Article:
If you’re disappointed Elton John’s proposed Animal Farm musical never materialized, there are alternatives. The 2019 film Mr. Jones incorporates Orwell’s writing of Animal Farm into its tale of a Welsh journalist investigating Stalin’s Ukrainian famine. Andy Serkis (Lord of the Rings) is set to adapt Animal Farm for Netflix, possibly in 2021. And an Animal Farm play by Robert Icke, who brought 1984 to Broadway, is slated for 2022.

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A New Book by J.R.R. Tolkien Contains Previously Unpublished Essays About Middle-Earth

J.R.R. Tolkien photographed circa the 1940s.
J.R.R. Tolkien photographed circa the 1940s.
Unknown Author, Wikimedia Commons // Public Domain

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It has been more than 80 years since J.R.R. Tolkien’s The Hobbit first appeared in bookstores in 1937—followed by The Lord of the Rings trilogy during the mid-1950s—and the enthusiasm for all things Middle-earth doesn’t seem to be waning anytime soon. While the premiere date for Amazon’s prequel TV series hasn’t been announced yet, another important date in 2021 has: June 24.

On that day, Houghton Mifflin Harcourt (HMH) will release The Nature of Middle-earth, a book of heretofore unpublished writings by Tolkien himself. (HarperCollins will publish an identical edition in the UK.) As avid fans likely already know, this won’t be the first supplemental Middle-earth material in existence. Tolkien wrote prolifically about his fantasy world, and much of his other content was published posthumously—most notably The Silmarillion, an extensive collection of stories edited by Tolkien’s son, Christopher. As literary executor of his father’s estate, Christopher Tolkien edited and oversaw the release of most Tolkien works until his death at age 95 in January of this year.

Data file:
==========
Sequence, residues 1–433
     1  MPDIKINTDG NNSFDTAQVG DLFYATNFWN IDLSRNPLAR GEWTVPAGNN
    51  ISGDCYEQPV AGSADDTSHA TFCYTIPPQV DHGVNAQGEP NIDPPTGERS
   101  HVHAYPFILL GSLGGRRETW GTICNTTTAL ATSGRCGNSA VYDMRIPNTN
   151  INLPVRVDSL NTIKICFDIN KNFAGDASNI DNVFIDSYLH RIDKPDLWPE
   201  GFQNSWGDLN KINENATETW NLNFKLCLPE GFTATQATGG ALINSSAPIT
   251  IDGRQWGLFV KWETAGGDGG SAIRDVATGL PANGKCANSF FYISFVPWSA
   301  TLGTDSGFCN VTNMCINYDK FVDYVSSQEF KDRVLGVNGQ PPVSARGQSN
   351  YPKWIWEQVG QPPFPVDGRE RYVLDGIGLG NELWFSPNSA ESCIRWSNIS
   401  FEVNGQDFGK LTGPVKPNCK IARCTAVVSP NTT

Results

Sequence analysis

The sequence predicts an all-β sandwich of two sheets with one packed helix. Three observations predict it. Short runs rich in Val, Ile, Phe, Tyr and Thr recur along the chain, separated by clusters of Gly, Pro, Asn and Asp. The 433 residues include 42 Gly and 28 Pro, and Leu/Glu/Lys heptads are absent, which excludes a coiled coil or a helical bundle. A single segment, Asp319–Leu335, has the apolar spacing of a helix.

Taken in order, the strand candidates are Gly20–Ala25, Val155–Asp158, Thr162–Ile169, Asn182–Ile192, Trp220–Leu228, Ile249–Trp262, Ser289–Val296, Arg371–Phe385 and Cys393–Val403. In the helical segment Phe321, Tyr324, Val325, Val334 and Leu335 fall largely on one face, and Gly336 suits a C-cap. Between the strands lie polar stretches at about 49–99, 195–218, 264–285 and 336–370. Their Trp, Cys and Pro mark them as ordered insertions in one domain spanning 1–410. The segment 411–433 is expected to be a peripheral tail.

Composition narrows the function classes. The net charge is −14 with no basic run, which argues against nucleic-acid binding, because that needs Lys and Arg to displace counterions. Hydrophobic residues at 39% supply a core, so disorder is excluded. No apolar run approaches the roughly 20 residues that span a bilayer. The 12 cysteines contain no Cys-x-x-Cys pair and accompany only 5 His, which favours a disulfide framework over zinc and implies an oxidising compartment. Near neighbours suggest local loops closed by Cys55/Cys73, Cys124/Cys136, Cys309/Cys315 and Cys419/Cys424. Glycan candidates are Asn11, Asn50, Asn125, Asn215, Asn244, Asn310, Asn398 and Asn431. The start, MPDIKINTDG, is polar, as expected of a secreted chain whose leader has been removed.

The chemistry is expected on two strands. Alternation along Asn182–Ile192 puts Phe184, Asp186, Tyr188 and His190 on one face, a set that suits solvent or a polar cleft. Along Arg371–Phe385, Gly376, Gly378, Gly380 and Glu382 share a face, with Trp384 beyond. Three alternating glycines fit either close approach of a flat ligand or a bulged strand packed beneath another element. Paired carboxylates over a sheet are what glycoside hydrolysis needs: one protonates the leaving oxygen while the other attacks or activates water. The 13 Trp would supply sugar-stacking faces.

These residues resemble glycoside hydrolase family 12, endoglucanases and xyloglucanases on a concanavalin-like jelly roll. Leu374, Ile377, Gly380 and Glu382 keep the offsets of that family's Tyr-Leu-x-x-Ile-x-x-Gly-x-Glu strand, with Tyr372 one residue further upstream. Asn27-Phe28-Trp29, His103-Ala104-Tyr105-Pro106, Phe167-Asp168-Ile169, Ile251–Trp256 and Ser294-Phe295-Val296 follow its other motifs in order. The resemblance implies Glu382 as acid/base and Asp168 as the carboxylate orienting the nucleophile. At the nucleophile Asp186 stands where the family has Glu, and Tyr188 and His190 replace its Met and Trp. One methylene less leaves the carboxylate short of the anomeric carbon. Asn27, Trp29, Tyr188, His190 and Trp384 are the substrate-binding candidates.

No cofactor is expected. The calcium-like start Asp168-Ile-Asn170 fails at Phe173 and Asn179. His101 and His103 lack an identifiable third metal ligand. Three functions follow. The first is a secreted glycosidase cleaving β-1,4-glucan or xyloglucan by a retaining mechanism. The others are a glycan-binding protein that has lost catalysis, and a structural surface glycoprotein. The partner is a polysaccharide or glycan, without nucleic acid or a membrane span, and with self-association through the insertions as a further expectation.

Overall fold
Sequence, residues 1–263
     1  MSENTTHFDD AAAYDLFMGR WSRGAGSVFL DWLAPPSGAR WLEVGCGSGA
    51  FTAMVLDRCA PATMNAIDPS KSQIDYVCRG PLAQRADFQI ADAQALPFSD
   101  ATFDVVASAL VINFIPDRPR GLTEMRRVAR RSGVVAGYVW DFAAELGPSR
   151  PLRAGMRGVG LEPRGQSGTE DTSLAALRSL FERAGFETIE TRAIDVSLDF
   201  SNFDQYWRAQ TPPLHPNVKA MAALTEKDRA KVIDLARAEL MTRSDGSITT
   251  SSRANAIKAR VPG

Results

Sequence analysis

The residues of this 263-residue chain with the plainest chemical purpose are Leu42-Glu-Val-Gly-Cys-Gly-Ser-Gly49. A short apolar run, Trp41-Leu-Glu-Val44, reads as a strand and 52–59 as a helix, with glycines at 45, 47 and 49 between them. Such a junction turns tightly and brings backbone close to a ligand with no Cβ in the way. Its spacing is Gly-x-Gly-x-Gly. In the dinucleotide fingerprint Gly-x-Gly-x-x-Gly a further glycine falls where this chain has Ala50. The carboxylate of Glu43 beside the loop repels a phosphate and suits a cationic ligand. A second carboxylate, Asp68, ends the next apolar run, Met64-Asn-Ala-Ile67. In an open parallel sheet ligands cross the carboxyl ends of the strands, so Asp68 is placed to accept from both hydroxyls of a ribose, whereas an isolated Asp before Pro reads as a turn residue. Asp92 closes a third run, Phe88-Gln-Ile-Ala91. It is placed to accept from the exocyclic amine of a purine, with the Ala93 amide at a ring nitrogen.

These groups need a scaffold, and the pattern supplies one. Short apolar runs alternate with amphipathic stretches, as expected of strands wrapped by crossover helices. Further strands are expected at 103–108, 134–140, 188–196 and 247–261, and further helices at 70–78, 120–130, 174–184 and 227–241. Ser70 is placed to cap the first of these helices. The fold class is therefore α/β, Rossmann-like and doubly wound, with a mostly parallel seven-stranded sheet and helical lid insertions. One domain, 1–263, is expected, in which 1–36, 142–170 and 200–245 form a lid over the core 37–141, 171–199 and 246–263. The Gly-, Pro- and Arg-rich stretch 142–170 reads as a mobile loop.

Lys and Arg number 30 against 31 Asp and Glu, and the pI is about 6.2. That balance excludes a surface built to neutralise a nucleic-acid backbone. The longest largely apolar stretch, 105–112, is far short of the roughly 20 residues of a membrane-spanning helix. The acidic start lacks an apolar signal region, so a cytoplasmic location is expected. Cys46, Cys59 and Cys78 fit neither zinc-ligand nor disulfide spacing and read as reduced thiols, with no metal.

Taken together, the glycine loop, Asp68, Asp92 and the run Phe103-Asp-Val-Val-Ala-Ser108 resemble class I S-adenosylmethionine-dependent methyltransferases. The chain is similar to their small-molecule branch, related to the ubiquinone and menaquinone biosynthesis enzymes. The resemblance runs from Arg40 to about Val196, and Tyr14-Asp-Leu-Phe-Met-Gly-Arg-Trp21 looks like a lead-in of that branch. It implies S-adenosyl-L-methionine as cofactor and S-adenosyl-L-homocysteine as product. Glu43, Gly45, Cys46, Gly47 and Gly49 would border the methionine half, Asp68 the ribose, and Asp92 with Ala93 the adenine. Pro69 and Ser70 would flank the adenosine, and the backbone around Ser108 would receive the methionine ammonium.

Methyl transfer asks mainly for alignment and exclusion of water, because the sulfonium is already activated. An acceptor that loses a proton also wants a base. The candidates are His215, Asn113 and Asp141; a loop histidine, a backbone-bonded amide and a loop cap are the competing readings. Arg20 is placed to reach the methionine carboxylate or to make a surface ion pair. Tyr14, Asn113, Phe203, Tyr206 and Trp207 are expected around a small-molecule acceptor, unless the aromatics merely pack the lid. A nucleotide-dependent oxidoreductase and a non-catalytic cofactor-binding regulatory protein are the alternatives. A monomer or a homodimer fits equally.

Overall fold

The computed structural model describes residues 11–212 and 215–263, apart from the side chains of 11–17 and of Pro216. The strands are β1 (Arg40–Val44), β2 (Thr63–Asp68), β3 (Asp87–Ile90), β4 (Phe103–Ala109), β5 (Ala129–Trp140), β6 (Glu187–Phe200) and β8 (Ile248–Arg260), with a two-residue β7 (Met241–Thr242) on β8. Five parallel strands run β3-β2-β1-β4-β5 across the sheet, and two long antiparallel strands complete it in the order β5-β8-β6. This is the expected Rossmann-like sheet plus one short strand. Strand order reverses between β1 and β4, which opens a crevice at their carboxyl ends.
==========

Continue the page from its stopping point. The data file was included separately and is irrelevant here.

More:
Time to solve the mystery of which Middle-earthers can grow facial hair.Houghton Mifflin Harcourt

According to Gizmodo, The Nature of Middle-earth was edited by NASA computer engineer Carl F. Hostetter, who also happens to be a venerated Tolkien scholar and the head of the Elvish Linguistic Fellowship (E.L.F., for short). HMH revealed in a press release that this latest compilation will contain previously unknown details about “Elvish immortality and reincarnation,” “the Powers of Valar,” “the lands and beasts of Númenor,” and “the geography of the Rivers and Beacon-hills of Gondor.” It will also reportedly clear up the confusion over which races (and sexes) can grow beards in Middle-earth, a topic that crops up on internet message boards with surprising frequency.

U.S. residents can pre-order The Nature of Middle-earth from Amazon now for $24.

[h/t Gizmodo]